Let me start with the most absurd of licenses to give an example. The peddler's license. The laws vary from state to state, but in most states to sell door to door or out of your car, you need a peddler's license. Why? Other than giving the state a nice little yearly check (and providing the police a pretext to pick up vendors who annoy people), what purpose does this serve? Does it protect people from fraud? Of course not! Does it ensure our peddlers are "properly regulated"? I don't even know what that would mean, but it certainly doesn't happen, as anyone who cuts a check can get a license in most states. The only thing a peddler's license ensures is that the individual had some money that they turned over to the state.
Nor do other licenses fare much better. For example, do you care if your barber knows the bones of the skull? Does it make you feel more secure that Sal once knew where the maxilla was? No? But it does ensure that Sal had to attend some classes, making money for established barbers who trained him, and limiting competition to those who can afford such classes. It put a few extra dollars in Sal's pocket by limiting competition. But does it make anyone safer? Make your haircuts better? Of course not!*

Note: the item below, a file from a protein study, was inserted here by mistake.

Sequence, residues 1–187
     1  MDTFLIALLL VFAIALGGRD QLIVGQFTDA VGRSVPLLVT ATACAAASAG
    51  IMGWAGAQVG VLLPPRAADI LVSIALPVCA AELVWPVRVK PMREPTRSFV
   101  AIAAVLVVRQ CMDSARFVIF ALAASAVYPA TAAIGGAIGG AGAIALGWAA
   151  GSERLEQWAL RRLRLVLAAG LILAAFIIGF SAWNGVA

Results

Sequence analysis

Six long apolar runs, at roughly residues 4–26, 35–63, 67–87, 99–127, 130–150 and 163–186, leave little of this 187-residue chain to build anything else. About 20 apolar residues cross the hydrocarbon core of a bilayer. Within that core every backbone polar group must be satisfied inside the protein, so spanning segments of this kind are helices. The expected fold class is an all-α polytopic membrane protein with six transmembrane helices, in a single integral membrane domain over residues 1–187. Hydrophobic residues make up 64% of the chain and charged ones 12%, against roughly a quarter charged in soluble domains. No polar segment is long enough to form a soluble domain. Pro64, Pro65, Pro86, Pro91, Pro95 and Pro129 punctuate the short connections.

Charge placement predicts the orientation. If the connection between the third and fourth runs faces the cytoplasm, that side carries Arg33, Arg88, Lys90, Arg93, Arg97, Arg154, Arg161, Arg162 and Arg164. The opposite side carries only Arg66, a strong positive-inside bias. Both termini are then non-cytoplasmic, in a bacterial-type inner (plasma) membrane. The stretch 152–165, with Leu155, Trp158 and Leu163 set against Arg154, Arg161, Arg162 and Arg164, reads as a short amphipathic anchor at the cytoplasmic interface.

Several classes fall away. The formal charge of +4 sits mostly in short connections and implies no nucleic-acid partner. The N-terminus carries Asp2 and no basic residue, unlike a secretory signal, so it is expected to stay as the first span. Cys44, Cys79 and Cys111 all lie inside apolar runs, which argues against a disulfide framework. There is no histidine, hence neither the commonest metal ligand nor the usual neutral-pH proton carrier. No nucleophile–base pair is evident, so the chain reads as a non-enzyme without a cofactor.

And most will admit this is the truth, but then they suddenly lose that objectivity when it comes to the FDA or the USDA or medial licensing. But I have to ask, if licensing at a lower level is sold as "for our safety" but is really just imposed to earn money for the state and limit competition, why would it work any differently on those levels? Do you think drug companies and doctors and ADM are any less clever than your average barber? Or that national politicians are more honest than local ones? Or that agribusiness less astute at lobbying that the cosmetology schools? I know we have been taught to think that medical licensing and food inspectors are good, but we are also told licensing barbers is a good thing, so why is one open to skepticism and the other not?